The concept of machine translation (MT) was conceived in 1947 by Warren Weaver, an American cryptographer who, in a letter to Norbert Wiener, called the father of cybernetics, first mentioned the possibility of using the newly developed computers to translate texts. 70 years later, great achievements have been made in this field.
Translation quality has greatly improved due to the recent emergence of neural machine translation (NMT) based on deep learning technology. The Translated company, operating in the translation industry, has published a report stating that the quality of machine translations is quickly approaching that of those done by humans. Within the next six years it is said to match the quality of the output produced by highly-skilled translators.
The effectiveness indicator
For years, the Translated experts have been refining tools for evaluating and monitoring the quality of machine translation. In 2011, they finally standardized their methodology and established a metric they called “Time to Edit” (TTE) which is calculated as the total time it takes the world’s best professional translators to proofread and correct the translation of a segment suggested by MT, divided by the number of words making up that segment. “We believe that TTE is the best measure of translation quality,” the report reads. Compared to other MT quality evaluation methods, TTE provides a better assessment of the translator’s cognitive effort needed during post-editing of the translated content.
The company’s specialists have been keeping track of the average TTE for years. Machine translation researchers had never before had the opportunity to work with such large amounts of data collected under working conditions, which included records of the time it took to edit more than 2 billion MT segments by tens of thousands of professional translators worldwide. The translations covered a wide range of subject areas, from literature to technical translations, as well as those that MT still struggles with, such as speech transcription. The conclusion? The amount of time spent on post-editing machine translations is steadily decreasing.
According to the report, a “perfect” translation (i.e., one that does not require any post-editing) should have a TTE of one second, taking into account the time it takes the translator to read and process the text. In 2017, the average TTE for MT was around three seconds, but this figure has been steadily declining and now amounts to just over two seconds (a drop of slightly more than one-tenth of a second per year). Experts at Translated predict that if this trend continues, the average TTE for machine translation will reach one second around the year 2027 or 2028.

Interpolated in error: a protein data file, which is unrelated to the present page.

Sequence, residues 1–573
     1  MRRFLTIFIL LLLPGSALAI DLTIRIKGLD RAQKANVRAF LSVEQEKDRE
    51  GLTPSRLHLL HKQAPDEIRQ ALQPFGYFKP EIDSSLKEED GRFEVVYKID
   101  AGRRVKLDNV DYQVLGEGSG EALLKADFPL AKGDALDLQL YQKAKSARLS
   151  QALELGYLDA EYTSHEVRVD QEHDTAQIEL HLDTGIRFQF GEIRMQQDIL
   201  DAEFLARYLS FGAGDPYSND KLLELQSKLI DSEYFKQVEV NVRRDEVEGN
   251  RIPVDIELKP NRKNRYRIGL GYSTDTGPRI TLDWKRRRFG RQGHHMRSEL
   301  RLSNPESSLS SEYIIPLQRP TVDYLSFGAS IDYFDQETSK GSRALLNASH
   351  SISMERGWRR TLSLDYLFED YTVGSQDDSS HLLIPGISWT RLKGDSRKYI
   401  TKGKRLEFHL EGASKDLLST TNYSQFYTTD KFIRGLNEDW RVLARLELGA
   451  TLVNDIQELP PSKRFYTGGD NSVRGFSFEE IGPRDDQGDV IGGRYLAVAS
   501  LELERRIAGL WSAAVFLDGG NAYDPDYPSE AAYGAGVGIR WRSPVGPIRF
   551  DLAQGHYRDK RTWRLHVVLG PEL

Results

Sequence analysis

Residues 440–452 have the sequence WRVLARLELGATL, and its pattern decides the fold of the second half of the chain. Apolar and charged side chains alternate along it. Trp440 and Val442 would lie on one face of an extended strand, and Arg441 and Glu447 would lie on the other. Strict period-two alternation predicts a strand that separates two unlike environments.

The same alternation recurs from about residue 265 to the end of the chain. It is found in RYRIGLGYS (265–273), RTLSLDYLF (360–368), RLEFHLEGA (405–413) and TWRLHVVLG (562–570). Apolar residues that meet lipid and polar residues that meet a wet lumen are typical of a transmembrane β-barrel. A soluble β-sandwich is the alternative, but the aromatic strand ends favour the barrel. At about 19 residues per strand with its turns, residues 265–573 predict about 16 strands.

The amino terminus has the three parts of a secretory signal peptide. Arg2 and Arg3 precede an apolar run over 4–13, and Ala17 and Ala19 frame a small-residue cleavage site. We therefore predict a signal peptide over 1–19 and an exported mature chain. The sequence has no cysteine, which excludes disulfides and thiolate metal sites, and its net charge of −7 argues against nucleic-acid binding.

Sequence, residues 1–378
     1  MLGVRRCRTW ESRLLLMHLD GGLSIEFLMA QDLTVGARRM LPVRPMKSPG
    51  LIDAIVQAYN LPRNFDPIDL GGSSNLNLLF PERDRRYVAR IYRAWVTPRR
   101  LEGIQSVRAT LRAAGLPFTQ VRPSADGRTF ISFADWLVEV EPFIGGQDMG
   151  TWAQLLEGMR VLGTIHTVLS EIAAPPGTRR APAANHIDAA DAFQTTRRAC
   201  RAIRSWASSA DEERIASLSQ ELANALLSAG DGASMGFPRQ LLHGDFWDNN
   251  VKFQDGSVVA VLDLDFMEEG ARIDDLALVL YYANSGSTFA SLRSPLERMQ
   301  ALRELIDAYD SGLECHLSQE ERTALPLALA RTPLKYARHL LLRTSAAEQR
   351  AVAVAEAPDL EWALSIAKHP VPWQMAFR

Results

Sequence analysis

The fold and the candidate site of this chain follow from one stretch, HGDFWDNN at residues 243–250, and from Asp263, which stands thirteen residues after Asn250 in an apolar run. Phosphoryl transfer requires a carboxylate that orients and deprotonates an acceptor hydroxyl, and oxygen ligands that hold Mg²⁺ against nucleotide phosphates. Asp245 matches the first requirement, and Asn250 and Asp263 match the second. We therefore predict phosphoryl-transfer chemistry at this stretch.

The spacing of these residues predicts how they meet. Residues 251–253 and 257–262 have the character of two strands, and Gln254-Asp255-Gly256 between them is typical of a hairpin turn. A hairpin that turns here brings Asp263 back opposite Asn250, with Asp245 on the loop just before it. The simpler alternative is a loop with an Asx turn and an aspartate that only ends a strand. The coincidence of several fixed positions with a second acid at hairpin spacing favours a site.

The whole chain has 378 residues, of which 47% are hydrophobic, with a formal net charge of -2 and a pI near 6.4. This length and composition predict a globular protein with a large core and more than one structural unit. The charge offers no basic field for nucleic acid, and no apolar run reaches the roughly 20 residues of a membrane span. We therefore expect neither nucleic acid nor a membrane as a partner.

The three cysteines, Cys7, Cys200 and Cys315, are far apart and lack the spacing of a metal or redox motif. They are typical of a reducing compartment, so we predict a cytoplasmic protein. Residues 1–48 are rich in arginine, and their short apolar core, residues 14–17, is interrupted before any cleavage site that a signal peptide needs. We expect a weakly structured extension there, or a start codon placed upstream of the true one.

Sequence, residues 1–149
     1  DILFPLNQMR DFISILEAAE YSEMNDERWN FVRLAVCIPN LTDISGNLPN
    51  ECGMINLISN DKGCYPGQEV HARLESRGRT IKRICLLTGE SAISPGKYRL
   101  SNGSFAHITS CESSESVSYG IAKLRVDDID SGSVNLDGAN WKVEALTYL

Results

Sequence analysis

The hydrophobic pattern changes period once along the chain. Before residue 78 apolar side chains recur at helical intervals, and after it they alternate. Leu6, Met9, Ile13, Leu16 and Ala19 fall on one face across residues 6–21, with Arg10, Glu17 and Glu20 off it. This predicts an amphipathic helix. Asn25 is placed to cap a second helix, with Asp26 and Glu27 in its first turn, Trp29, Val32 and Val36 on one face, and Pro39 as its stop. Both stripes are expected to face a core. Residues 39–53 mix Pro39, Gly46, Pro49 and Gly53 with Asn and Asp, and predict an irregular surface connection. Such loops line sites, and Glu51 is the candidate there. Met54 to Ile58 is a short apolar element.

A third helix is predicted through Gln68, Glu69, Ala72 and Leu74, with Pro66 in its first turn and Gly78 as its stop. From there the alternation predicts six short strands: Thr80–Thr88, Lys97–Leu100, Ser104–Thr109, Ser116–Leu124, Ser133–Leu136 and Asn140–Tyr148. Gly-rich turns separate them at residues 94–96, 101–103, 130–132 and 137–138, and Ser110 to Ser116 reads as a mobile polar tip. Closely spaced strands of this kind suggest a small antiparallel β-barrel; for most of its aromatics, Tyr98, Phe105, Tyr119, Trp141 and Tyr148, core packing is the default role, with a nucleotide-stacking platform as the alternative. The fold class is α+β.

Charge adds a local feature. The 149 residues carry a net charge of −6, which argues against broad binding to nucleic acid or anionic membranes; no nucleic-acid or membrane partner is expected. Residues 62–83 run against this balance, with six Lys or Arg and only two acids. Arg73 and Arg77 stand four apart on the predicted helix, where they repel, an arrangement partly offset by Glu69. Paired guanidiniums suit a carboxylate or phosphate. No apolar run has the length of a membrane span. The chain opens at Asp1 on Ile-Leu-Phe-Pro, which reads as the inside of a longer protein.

Will artificial intelligence ever replace translators?
Experts at Translated emphasize an increase in the quality of the output produced: with the development of technology generating translations with fewer and fewer errors, translators will make fewer corrections, which will allow them to concentrate on issues they might have missed in a text in greater need of post-editing. “Machines will never replace humans,” reassure the authors of the report. “AI is already proving to be a valuable tool for translation professionals, helping them translate more content at a higher level”.
In many situations, such as when it comes to law enforcement, machine translation is no substitute for a human being. When a scuffle broke out in a parking lot in front of an American supermarket, a bystander drew his gun (as he later claimed, in good faith) to prevent further escalation. He hoped to scare the individuals involved in the brawl into splitting up, but instead they called the police. Upon arrival, the officers wanted to question the self-proclaimed peacemaker, but he did not speak English very well. Nonetheless, the police officers used a free machine translation app and, based on the answers they received, decided they had enough evidence to arrest the man and bring him to justice.
David Utrilla, CEO of the Salt Lake City-based U.S. Translation Company, who was called in as an expert witness during the trial, contributed to the defendant’s acquittal. He drew the court’s attention to the pitfalls of machine translation, explaining that speech recognition technology involves a two-stage translation process: first, the input data is transcribed in the source language, and only then is it translated into the target language. If a word in the source language is not transcribed correctly, the translation will misinterpret the meaning intended by the speaker. Moreover, even an error-free transcription does not guarantee an error-free translation. Utrilla shared his experience in a post on LinkedIn – according to him, the referenced case provides excellent proof that despite revolutionary changes in the MT industry, translators will always be necessary.